So, who’s the winner here?
August 2, 1999
Who are we to believe about the agreement last week between the local press and Mayor Rudolph Giuliani purporting to make crime scenes, fires, parades and demonstrations more accessible to the media?
The Daily News owner, real estate mogul and defender of freedom of the press Mort Zuckerman, who blindsided his fellow media execs by secretly informing Giuliani he was abandoning plans to file a federal lawsuit against the city? Or the sometimes wacky, often-arrested and always infuriating artist Robert Lederman?
Zuckerman (as quoted in his newspaper): "This is a major step forward in press access to events that the citizens of New York City should know about. The News is pleased to have played a lead role on the issue, as it has on other First Amendment matters."
Lederman (in a fax to One Police Plaza): "Despite the glowing report in the Daily News, whose publisher was instrumental in avoiding what would have been an extremely embarrassing lawsuit for the mayor, this agreement is . . . a joke. Aside from admitting no wrongdoing . . . the NYPD is simply agreeing to obey the long-established rules in their own patrol guide: the same rules they have routinely been ordered to ignore . . .
"In short, this agreement is a great public relations victory for Mayor Giuliani and is at the same time an insult to both the people of New York City and the reporters they depend on for the news. That a real estate developer and major supporter of the mayor brokered the deal is no surprise in the city, which is increasingly becoming known as the First Amendment violation capital of the world."
Safir parked himself on 89th Street off Madison next to St. Thomas More church, where everyone could see him. With him was Deputy Commissioner for Public Information, Marilyn Mode, and two of her people, Inspector Mike Collins and a Lt. Sean Crowley.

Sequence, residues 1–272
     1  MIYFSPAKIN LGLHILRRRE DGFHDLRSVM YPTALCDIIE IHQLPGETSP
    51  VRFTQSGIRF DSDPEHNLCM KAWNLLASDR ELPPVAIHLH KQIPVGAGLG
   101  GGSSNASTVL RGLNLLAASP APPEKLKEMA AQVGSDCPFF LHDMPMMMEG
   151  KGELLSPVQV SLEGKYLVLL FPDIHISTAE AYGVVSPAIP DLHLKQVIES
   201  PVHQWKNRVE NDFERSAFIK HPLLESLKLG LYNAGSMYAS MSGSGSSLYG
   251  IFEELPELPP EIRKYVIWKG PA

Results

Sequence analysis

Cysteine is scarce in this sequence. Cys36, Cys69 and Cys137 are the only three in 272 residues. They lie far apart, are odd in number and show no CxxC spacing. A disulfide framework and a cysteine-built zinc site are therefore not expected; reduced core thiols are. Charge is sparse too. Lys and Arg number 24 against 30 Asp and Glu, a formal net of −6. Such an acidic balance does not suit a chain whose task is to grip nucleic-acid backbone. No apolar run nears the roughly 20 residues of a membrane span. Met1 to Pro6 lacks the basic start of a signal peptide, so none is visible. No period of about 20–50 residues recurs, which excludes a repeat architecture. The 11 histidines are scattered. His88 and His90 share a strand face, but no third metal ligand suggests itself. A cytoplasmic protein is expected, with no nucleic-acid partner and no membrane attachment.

Also on the scene because President Bill Clinton was coming were Danny Oates of the Intelligence Division, Bill Morange of Special Operations, Nick Estavillo of Manhattan North and Safir's personal coat-holder Richie Scheirer.
The commissioner didn't attend the pre-meet, plan the so-called frozen zones or go to any planning briefings. Not invited inside the church, he had to stick around outside for the entire service, so people would think there was a purpose to his being there.
Still, top-ranking police officials are saying he was only there to get his picture in the paper and appear on television.
Roberts was hired last month to replace Marvyn Kornberg and represent Sean Carroll, one of the four cops who fired 41 shots, killing the unarmed African immigrant. His first legal move was to request a postponement of the trial date, scheduled for January.
Acting State Supreme Court Justice Patricia Williams, whom Roberts supervised as Bronx administrative judge until his retirement last year, denied it. State court spokesman David Bookstaver said of her decision: "Her paramount concern is that the trial not be run by lawyers."
Roberts - who when he left the bench was also hired as "of counsel" to the politically connected law firm of Fischbein, Badillo - was also informed that when the Diallo trial begins he'll have to take a leave of absence from the firm.
Interviewer Steve Kroft begins by saying that Safir, as associate director for operations of the U.S. Marshals Service, "put the lawmen back in the business that originally made them famous: manhunting, an occupation that can move Howard Safir to quote Hemingway."
Safir then intones: "There is no hunting like the hunting of armed men and those who have hunted armed men long enough and like it never wish to do anything else thereafter."
Kroft: "And Howard Safir liked it?"
Safir: "I liked it."
© 1999 Newsday, Inc. Reprinted with permission.